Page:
Halifax reports rise in house prices for July
Hope is on the horizon today for homeowners after Halifax reported a 1.1% increase in house prices in July.
This is the second increase in the last three months from the Halifax House Price Index, and the third in the first seven months of 2009.
House prices are still down 12.1% on July 2008 however, to an average £159,623 from £177,164 last year.
Martin Ellis, housing economist at Halifax, says: "So far this year, house prices have fallen by less than 1%.
"Demand for homes has risen, albeit from a very low base, since the start of the year, driven by improvements in affordability and low interest rates.
"Higher demand has combined with the low levels of property available for sale to boost sales activity from exceptionally low levels and support prices over the past few months."
Last week, the Nationwide House Price Index also reported a rise in house prices; showing a 1.3% increase in July to an average £158,871.
David Smith, senior partner at property consultancy, Carter Jonas, says: "Although increased confidence, demand and transactions are certainly playing a role in the house price rises we have seen in recent months, from both the Halifax and Nationwide, a more significant factor is supply, or the lack of it.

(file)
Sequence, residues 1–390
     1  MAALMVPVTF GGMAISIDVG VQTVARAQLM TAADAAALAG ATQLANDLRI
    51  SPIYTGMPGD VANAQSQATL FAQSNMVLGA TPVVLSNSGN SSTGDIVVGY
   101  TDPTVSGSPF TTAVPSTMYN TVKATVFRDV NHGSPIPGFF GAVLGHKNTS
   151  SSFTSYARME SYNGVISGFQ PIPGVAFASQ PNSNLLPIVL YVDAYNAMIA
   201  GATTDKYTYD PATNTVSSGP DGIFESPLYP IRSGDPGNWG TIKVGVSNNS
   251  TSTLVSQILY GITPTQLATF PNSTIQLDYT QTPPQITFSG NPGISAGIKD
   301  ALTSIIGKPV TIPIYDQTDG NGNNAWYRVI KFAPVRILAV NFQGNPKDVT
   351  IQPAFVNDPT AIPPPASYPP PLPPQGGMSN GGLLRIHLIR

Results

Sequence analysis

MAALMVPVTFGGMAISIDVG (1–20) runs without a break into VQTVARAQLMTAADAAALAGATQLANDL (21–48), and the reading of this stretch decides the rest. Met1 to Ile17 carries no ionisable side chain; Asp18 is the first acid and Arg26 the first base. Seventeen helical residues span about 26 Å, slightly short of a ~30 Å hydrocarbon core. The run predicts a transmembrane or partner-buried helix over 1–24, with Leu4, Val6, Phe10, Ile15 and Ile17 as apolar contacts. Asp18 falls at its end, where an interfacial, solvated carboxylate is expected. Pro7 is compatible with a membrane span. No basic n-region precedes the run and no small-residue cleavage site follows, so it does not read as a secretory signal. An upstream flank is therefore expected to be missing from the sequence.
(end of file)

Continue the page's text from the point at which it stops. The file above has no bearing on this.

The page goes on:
"There is a stark shortage of property on the market and this, above all, is driving the rebound we are seeing. The worry is that this shortage of property will cause buyers to sit on the fence again, as they will shy away from committing to a purchase at a higher price level and based on lower choice."
The Halifax index follows bleak news from the National Housing Federation on Monday that house prices will fall by 12.2% this year, and drop a further 4.6% in 2010 before recovering in 2011.
The research also suggests that homeowners who bought at the peak of the 2007 property boom could be in negative equity for a further five years. However, it predicts that the average house price in England could rise by 20% to £227,800 by 2014.
The circumstances in which a property is worth less than the outstanding mortgage debt secured on it. Although it traps householders in their properties, the Council of Mortgage Lenders (CML) says there is no causal link between negative equity and mortgage repayment problems. At the depth of the last housing market recession in 1993, the CML estimated 1.5 million UK households had negative equity but most homeowners sat tight, continued to pay their mortgages and eventually recovered their equity position.